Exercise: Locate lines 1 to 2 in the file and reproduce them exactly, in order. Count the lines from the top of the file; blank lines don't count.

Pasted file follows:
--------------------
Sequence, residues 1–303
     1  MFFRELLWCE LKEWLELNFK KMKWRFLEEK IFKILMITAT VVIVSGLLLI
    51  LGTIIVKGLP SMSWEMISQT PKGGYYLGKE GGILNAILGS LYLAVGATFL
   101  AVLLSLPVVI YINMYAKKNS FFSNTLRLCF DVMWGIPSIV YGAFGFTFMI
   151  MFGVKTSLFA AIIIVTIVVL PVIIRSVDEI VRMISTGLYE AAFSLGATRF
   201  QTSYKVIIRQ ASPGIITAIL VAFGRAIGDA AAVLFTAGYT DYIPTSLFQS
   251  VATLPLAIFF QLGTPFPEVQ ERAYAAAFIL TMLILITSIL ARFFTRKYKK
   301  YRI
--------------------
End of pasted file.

Sequence, residues 1–303
     1  MFFRELLWCE LKEWLELNFK KMKWRFLEEK IFKILMITAT VVIVSGLLLI